Becoming a parent
Becoming a parent was one of the hardest things I’ve done, if not THE hardest. But they say the harder the challenge, the bigger the reward. I guess I’ll have to wait and see …
Parenting is a lot like a rollercoaster. You don’t know quite what to expect until it’s too late. At the start, there is an incredibly steep learning curve. Then just as you get to the top, something changes and you’re spiralling out of control. Each day brings new twists and turns, highs and lows and yet it can feel like the same rollercoaster you got on yesterday.
Let me take you for a ride.
My husband and I had been together for 6 years when we decided we were ready to start a family. I had finished my GP training, we were financially stable and we had that kind of relationship where we hardly ever fought (weird, I know). How naïve we were. Nothing could truly prepare us for becoming parents, but at the time we thought we were ready.
I had subconsciously bought into some of the parenting myths and was completely unprepared for reality. Childbirth was not a beautiful experience. Somehow our baby missed the memo that an emergency caesarean-section was not part of the birth plan. When I held our baby, it was not love at first sight. I had just vomited while the obstetrician was sewing me up, I still felt queasy and was exhausted.
Then there was learning to breastfeed. For something that is natural, there are so many rules. Just because the baby is “on” does not mean he’s latched on properly. Just because he’s sucking does not mean he’s feeding, he could be soothing. Football position. Cradle position. His head is too low. His head is too high. Argh! And that’s before we get into the growth spurts and cluster feeds where I was permanently attached to the baby.
But the biggest challenge for me was the utter loss of control. I couldn’t predict when he would want a feed, when he would sleep or for how long. It drove me nuts! I had gone from having everything in my life planned and organised, to being at the whim of a little baby. A baby that I loved but also feared, especially when he hit the “witching hour”. No amount of rocking, singing, cuddling and feeding would settle him to sleep. How could I get anything done? If I managed to have a shower, it was a good day.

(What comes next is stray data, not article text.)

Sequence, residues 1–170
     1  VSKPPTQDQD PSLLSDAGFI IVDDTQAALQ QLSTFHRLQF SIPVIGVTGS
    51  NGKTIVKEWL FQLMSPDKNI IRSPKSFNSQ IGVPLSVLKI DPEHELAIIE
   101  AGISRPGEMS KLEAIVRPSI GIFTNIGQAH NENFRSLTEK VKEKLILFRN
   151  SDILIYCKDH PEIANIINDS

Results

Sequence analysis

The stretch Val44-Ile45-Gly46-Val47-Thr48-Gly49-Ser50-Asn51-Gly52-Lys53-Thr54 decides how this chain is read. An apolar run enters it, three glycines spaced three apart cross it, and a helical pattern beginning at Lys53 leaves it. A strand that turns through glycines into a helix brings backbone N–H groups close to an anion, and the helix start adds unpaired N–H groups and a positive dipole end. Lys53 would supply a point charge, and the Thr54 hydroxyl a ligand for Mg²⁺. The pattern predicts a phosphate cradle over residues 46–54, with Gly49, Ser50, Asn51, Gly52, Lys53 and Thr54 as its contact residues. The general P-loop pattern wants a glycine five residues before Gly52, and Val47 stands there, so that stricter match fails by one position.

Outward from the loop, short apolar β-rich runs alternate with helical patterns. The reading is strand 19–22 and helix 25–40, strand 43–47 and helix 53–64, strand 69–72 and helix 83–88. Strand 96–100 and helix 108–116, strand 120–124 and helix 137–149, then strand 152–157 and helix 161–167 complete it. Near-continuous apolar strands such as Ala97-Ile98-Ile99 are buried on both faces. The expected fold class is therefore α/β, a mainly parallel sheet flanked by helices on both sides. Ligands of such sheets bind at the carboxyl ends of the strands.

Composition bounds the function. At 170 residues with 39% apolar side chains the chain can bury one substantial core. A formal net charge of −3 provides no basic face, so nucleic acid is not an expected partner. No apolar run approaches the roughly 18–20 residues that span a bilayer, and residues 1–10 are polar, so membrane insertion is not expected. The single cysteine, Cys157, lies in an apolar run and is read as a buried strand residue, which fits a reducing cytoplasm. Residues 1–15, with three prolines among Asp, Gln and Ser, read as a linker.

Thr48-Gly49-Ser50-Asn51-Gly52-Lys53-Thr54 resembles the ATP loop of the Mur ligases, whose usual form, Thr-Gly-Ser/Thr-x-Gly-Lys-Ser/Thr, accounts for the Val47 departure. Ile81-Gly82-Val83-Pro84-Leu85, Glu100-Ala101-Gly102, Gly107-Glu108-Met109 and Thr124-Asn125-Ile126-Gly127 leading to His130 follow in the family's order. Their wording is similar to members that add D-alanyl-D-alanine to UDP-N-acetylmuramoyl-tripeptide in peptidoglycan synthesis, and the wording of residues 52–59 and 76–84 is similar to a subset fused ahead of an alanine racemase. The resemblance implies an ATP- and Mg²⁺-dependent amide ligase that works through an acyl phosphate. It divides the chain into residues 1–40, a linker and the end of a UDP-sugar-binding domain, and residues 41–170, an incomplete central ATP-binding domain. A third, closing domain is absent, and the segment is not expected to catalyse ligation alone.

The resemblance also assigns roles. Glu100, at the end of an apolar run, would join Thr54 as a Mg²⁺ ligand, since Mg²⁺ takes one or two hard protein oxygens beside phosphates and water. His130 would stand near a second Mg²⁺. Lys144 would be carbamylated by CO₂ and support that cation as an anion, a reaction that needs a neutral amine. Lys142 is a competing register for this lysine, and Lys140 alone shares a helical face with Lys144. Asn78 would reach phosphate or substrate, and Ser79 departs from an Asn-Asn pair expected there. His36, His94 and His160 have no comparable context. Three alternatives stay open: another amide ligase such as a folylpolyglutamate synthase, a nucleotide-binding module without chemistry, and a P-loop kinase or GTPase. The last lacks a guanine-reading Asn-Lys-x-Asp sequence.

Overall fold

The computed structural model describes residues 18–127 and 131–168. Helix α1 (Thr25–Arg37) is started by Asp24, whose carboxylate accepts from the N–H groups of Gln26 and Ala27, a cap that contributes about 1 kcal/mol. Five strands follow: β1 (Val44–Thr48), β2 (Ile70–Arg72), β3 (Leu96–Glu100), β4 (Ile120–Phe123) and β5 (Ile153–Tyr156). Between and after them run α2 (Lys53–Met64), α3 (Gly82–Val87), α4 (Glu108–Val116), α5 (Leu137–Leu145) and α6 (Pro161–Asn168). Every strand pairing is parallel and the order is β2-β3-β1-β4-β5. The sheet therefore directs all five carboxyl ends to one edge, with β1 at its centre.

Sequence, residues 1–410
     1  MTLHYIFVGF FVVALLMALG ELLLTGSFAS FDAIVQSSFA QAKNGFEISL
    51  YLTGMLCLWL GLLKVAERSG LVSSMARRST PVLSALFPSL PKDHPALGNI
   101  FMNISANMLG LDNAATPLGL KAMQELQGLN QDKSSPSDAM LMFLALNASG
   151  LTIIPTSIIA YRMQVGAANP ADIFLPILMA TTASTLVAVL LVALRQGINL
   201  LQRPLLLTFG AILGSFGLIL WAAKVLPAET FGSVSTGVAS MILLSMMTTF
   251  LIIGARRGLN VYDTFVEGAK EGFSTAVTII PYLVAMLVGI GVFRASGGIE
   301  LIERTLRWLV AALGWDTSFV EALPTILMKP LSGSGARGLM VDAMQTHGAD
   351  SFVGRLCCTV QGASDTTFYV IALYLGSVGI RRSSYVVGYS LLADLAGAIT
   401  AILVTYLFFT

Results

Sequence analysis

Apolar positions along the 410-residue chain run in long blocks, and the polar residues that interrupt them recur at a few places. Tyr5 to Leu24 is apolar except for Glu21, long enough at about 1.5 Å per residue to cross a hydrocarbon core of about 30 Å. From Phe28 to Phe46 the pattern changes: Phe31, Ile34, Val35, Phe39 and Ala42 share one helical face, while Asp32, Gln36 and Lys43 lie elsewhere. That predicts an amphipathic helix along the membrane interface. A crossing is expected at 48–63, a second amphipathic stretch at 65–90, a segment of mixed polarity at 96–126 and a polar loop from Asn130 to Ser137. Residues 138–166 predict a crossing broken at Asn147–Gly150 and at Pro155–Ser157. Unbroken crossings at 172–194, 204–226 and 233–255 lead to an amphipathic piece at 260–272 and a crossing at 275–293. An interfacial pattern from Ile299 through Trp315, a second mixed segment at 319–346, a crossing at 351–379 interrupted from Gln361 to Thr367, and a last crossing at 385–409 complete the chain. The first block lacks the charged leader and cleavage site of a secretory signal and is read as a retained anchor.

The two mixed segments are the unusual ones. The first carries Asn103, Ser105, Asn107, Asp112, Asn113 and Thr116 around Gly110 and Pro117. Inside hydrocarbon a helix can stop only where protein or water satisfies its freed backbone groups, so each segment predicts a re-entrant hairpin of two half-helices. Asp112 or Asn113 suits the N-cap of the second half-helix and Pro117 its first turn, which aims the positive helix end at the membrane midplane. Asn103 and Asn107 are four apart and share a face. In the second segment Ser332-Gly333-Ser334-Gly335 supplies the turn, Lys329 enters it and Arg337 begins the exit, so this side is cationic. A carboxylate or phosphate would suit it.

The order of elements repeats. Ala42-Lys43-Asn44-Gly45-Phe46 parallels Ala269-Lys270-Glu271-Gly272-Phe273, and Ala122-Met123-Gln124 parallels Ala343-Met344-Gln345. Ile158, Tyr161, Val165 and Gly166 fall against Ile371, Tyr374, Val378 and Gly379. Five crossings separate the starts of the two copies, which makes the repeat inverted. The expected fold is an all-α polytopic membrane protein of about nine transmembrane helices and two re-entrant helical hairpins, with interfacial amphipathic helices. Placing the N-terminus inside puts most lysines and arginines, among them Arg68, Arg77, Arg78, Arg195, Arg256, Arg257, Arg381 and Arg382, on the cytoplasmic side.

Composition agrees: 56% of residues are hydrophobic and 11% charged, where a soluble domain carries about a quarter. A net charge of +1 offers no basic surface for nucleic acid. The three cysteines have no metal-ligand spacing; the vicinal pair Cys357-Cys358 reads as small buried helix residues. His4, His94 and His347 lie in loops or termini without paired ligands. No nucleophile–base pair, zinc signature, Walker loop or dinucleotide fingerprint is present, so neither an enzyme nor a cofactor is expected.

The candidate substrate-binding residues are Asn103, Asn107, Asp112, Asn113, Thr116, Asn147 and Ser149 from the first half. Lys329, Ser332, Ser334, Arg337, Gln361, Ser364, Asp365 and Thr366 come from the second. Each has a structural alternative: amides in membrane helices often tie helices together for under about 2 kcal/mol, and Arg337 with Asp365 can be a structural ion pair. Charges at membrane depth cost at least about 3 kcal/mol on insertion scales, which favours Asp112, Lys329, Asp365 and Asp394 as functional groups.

I really struggled being a stay at home mum with my first. It was too big a change from being a full-time doctor to full-time mum. Looking back, I probably had mild postnatal depression. It wasn’t until my husband and father sat me down for an intervention to ‘suggest’ I go back to work that I realised I was being a cranky cow. My immediate response was “don’t you think I can hack it as a stay at home mum?!?”. And to be honest, the answer is no, I couldn’t hack it. Being a stay at home mum is a tough gig. At the time I felt like I had failed. I had let the sisterhood down. But I needed work to maintain my sanity and I am now able to admit that I am a better mum for it.
So whether you’re parenting full-time, working full-time, or juggling something in-between, do what works best for you and your family.
PLEASE READ: More than 1 in 7 new mums and up to 1 in 10 new dads experience Postnatal Depression. If you are struggling, please ask for help. You don’t need to go it alone. Check in with family and friends. And if things aren’t improving after a couple of weeks please see your healthcare professional for further support.
Surviving Post-Natal Depression by Cara Aiken
The book tells the stories of ten women from very different backgrounds who have suffered post-natal depression. Their stories should be a source of strength and hope for other sufferers and should also raise awareness of the illness and the destructive effect it can have on individuals and families. The book offers positive suggestions and practical advice, based on personal and professional experience.